By Bruce Tuchman
If you’ve been working in the media business over the past five to ten years, there’s a term you’ve no doubt heard tossed around frequently by market analysts, IT and research professionals: “Big Data.” It has quickly become the technology trend that is profoundly affecting the way we use information to improve our businesses–from enhancing the customer experience and improving our products and services, to finding untapped sources of revenue and helping us track audience engagement with content and brands. However, not a lot of people can explain what Big Data really is, and if you ask any number of your more technically inclined colleagues, you’re likely to get the same number of different answers.
As a buyer of content and a seller of channels around the world for the past two decades plus, I became increasingly frustrated with the lack of empirical data available to me to make sound market-by-market programming decisions. So when I started hearing about some groundbreaking young companies that were upending the traditional ratings measurement system with Big Data, I was intrigued enough to do a little digging, which began with my asking this basic question: “What is Big Data?”
We cannot escape the fact that we now live in a digital universe where everything and anything we do leaves a digital trace we call data. With well over one trillion web pages, the Internet offers us unparalleled interconnectivity. Each one of these interactions generates data that is coursed through and recorded in the web. As a result, it is continuously overflowing with massive data so huge that it is almost impossible to digest or crunch into usable segments for practical applications. This enormous, ever-growing data that goes through and is stored within the web, together with the technologies designed to handle it, is what is collectively referred to as Big Data.
So how big is Big Data? Think of the web, which currently covers more than 100 million domains and is still growing at the rate of 20,000+ new domains every single day. The data that comes from these domains is so massive and mind-boggling that until recently has been practically immeasurable, much less manageable by any traditional extrapolation methods that are available today. In essence, if and when data sets grow extremely big or become excessively complex and unwieldy for traditional data management tools to handle, it is considered “Big Data.”
Every day, our society is creating about 3 quintillion bytes of data. This is 3 followed by 18 zeros … and that is EVERY day! With this massive stream of data, the need to make sense of this becomes more crucial and has quickly increased demand for Big Data understanding.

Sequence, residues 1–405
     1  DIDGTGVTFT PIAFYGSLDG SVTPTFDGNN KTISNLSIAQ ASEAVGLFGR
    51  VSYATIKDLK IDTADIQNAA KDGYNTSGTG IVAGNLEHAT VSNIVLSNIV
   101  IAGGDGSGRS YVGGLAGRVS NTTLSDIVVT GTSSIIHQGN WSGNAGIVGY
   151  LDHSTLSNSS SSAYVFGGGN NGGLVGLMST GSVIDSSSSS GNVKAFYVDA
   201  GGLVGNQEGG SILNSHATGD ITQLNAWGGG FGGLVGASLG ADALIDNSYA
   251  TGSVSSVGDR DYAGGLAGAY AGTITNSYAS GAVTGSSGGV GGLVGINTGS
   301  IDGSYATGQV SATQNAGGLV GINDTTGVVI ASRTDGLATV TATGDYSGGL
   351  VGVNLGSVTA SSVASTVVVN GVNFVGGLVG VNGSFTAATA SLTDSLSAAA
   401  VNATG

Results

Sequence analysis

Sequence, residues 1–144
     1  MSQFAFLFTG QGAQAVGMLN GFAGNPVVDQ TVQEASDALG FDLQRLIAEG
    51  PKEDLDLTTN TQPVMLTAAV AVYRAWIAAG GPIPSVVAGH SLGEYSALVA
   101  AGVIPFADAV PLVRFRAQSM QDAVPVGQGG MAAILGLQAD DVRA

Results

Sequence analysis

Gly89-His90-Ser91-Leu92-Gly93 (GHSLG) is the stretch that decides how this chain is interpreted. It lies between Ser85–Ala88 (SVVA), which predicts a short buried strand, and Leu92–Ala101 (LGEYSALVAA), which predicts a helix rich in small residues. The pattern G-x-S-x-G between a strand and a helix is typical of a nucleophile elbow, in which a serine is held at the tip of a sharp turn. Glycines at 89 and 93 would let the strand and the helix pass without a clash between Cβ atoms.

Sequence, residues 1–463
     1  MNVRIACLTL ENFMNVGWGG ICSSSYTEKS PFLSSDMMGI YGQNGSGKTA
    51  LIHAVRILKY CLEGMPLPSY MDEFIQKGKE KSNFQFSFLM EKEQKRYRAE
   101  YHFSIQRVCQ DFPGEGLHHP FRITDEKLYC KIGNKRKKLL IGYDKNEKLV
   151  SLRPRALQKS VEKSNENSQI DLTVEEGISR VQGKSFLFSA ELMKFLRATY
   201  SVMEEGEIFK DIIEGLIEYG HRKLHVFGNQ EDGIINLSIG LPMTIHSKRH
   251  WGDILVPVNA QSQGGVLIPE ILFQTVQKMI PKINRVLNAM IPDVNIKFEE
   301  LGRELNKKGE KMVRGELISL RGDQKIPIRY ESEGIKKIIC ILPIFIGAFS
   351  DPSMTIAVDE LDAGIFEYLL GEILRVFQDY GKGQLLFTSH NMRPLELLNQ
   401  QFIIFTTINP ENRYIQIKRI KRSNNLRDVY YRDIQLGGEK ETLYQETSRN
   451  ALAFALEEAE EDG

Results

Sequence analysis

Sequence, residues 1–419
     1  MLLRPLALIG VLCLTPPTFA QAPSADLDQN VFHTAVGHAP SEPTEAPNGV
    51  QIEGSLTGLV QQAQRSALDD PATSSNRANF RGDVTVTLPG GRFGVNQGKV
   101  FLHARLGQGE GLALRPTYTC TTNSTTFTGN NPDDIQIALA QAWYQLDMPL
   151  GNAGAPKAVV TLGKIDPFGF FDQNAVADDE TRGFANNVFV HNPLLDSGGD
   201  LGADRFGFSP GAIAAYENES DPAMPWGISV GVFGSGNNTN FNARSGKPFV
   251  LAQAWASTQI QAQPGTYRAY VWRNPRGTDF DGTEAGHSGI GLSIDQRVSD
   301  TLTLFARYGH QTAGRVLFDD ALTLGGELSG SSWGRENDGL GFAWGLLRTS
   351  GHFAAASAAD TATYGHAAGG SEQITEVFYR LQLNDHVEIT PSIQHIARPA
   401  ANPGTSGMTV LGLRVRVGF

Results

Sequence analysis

Hidden deep within the torrent of the Big Data information stream is a wealth of useful knowledge and valuable behavioral and market patterns that can be used by media companies (big and small) to fuel their growth and profitability. However, such valuable information has to be mined and refined to be put to good use. This cumbersome process is called Big Data analytics. It’s what gives Big Data its shine and makes it usable for application to specific cases and needs. Without analytics, Big Data is nothing more than a bunch of meaningless digital garbage.
The science of tapping Big Data and then analyzing it for a more accurate view of any given market has been around for a long time, but in recent years new companies are building unbelievably facile algorithms and intelligent mining tools to tap into media use that involves so much more than who’s watching what and when. These companies can chart precise demos of who is watching, and how many people are engaged with a show or channel by tracking social media references to that title or brand, blog references, downloads, streams, torrent site activity, podcasts, and a lot more. Literally billions of points of data can be synthesized intelligently and in seconds. Conventional ratings gathering systems and panel sessions seem Medieval by comparison. Too much money is at stake in reliance on transacting the business the old or conventional way, while at the same time these brilliant, yet cost effective big data measuring tools can measure out with complete empirical accuracy the answers that traditional tools only base on extrapolation or hypotheses.
This tipping point is here. So don’t let the techy term confound and intimidate you. Big Data is becoming a key intelligence weapon in the battle to stay relevant and smart during uncertain and complex market changes. Use it to win your battles.
Bruce Tuchman is a global media advisor, investor and entrepreneur. Previously, he ran the global channel businesses of AMC/Sundance TV, MGM Worldwide Networks and Nickelodeon International. Recently, he joined the Board of data science company Parrot Analytics.